Local view for "http://purl.org/linkedpolitics/eu/plenary/2006-11-29-Speech-3-187"

PredicateValue (sorted: default)
dcterms:Is Part Of
lpv:document identification number
lpv:translated text
". Mr President, ladies and gentlemen, we have done it at last; the Seventh Framework Programme on Research is on the way, and, over the next seven years, the European Union will be investing a total of EUR 54 billion in research. Once we have adopted the specific programmes tomorrow, we – in this House, in the Commission, and the Council – will be able to look back, with our consciences clear, on almost two years worth of hard work. It is fortunate that the Seventh Research Framework Programme can concentrate properly on excellence in research. I call on the Commission to implement the Programme without delay; I also call on them to establish clear, transparent, well thought-out, effective and fair tendering procedures, to assess them – or cause them to be assessed – in an objective manner, and to implement them in practical and unbureaucratic ways. I am sure that the approach that we in this House have come up with is far from being the worst. Finally, though, let me call on the European research community – the people who do the research, the people who work on the details, the people who find things out – to make use of what this research programme offers; Parliament has done its work, and now it is up to you to make progress with your research and do something vital in giving Europe a peaceful, free and prosperous future. I would like particularly to thank all those Members with whom I have had the privilege of working, and in whom I had complete trust, as rapporteur on the Joint Research Centre’s nuclear research activities over the past few months, and Commissioner Potočnik as well. We have not, unfortunately, achieved all the things we set ourselves – we have not, for example, managed to double expenditure on research – but the marked increase – of 50% – in the budget in comparison with the Sixth Framework Programme is a step in the right direction. This increase took some tough negotiating with the Council, and sends a positive message to our research institutes and will – it is to be hoped – foster a mood of optimism, but we missed by a mile the twofold increase for which we had hoped, and other economic areas in the world show considerably higher rates of increase in research spending. We will then fall still further behind in comparison with the USA and Japan. China and other states are continuing to catch us up. The consequences of that will hit us hard and also leave their mark on prosperity, the labour market and social peace. Europe’s research programme is not, to be sure, the most extensive in the world, but it is one of the smartest, and the same can be said, in the nuclear research field, of the Joint Research Centre, on which I am reporting. As Commissioner Potočnik rightly pointed out in his introductory remarks, the Joint Research Centre is set to take over a crucial moderating role in many key areas of nuclear activity. One of these, firstly, is nuclear safety. Member States have different views on the use to which nuclear energy should be put; some of them are building new nuclear power stations, while others are not. Some are researching into new fourth-generation reactors, whilst others are not. These are things on which they are perfectly entitled to decide for themselves, but safety is not bounded by national borders, and that is why the Joint Research Centre must ensure that the necessary know-how is available at European level. Secondly, there is also the monitoring of security. Recent developments at international level have made issues of non-proliferation of nuclear technology and weaponry even more acutely important. These are pressing questions, and Europe must come up with an answer to them, so I am delighted to see that the Seventh Research Programme is to give a shot in the arm to the Institute for Transuranium Elements, which leads the world in this field. The same can be said, thirdly, of the maintenance and transfer of knowledge in the field of nuclear technology, which is of particular interest to me. We have to ensure that young and outstanding scientists across Europe can apply new ideas to addressing existing problems, but we also must not lose the knowledge already acquired, and so we have to ensure that existing and newly-gained knowledge is exchanged within the European Union to an even greater degree than it already is. The Joint Research Centre can certainly make a major contribution to this – and not just in the nuclear field. Although this House’s work will be done once we have voted tomorrow, much remains to be done – by the Member States, by the Commission, and, above all, by the research community. I call on the Member States to invest even more money than before in research activities; for example, to avail themselves of the opportunity to invest money from the Structural Funds in developing research and development capabilities in their countries. The creation of new research structures is not a function of the Seventh Research Programme, but rather a task for the Member States and the Structural Funds."@en1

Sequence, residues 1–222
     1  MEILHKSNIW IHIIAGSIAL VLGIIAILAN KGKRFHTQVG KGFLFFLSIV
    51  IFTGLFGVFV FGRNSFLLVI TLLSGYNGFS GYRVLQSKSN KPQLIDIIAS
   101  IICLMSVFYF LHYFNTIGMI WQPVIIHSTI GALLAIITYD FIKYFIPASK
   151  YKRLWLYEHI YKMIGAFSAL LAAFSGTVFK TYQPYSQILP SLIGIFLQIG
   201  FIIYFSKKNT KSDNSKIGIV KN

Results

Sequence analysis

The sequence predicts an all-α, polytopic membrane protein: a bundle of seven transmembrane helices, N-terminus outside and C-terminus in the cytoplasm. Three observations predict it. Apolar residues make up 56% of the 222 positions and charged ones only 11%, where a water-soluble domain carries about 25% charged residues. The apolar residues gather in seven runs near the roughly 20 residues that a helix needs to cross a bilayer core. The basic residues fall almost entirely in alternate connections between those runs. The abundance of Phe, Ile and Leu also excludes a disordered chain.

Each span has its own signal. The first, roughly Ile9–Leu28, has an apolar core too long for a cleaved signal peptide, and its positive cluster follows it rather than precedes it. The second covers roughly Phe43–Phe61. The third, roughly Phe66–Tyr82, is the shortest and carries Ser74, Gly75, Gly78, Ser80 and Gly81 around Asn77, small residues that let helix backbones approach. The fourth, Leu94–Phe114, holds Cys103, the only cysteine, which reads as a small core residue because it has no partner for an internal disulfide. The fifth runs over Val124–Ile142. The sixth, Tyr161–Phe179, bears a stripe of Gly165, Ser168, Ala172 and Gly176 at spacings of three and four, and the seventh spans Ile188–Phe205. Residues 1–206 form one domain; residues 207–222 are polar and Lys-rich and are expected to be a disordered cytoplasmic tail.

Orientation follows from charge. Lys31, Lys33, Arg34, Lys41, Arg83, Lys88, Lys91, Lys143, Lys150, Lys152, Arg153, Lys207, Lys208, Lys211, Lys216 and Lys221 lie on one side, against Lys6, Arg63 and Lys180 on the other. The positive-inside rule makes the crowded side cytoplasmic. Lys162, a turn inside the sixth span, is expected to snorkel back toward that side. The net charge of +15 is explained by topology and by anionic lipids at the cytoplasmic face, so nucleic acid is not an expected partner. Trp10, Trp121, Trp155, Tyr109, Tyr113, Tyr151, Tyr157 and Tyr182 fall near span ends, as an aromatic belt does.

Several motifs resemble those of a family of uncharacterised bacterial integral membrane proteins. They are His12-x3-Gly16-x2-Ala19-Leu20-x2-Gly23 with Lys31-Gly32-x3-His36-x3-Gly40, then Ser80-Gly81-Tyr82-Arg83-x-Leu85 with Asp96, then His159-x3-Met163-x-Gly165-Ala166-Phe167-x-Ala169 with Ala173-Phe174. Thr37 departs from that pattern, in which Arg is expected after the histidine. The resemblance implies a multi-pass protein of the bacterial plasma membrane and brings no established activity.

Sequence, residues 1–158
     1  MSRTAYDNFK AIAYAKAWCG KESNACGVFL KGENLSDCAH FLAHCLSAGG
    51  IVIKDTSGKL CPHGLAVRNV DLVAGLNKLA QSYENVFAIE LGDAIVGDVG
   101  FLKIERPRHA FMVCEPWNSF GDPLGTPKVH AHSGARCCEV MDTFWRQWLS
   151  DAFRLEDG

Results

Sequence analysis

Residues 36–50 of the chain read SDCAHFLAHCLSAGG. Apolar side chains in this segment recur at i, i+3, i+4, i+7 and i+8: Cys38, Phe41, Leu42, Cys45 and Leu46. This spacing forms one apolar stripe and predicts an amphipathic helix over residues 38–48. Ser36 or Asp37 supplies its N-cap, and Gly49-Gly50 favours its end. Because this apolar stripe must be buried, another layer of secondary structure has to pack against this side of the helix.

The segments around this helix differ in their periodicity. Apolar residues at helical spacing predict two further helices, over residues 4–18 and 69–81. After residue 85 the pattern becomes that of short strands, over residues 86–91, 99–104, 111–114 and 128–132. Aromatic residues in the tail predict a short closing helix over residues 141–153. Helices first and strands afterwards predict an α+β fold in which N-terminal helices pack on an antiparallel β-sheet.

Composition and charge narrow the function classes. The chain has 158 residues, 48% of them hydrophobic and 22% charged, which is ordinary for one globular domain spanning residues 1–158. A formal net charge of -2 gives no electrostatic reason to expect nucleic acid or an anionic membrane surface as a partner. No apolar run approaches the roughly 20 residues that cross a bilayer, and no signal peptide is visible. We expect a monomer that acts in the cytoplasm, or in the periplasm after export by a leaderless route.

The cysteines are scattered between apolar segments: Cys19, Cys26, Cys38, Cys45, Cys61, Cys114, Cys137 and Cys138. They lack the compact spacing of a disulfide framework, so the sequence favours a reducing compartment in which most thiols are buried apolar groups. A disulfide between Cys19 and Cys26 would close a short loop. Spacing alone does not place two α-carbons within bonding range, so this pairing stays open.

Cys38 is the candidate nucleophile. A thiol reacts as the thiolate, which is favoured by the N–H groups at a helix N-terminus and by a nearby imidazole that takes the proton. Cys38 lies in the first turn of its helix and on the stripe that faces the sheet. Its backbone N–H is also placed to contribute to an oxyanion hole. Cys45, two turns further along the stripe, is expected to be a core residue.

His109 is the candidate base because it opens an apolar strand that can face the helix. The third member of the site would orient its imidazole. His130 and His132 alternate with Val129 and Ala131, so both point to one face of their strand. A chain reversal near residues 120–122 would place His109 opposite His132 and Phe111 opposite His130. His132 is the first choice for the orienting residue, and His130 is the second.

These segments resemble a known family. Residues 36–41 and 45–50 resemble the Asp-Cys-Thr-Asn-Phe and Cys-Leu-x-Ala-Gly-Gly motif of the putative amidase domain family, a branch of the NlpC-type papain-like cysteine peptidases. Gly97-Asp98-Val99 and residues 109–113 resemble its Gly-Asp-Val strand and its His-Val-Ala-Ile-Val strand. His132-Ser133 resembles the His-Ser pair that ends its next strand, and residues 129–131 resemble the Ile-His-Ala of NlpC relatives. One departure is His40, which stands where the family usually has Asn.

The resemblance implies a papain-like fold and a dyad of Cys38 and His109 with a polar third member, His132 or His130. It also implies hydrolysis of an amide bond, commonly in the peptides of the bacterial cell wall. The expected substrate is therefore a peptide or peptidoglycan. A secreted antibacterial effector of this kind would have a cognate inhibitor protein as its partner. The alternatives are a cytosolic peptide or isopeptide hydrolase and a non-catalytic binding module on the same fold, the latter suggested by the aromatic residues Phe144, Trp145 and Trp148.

Named graphs describing this resource:


The resource appears as object in 2 triples

Context graph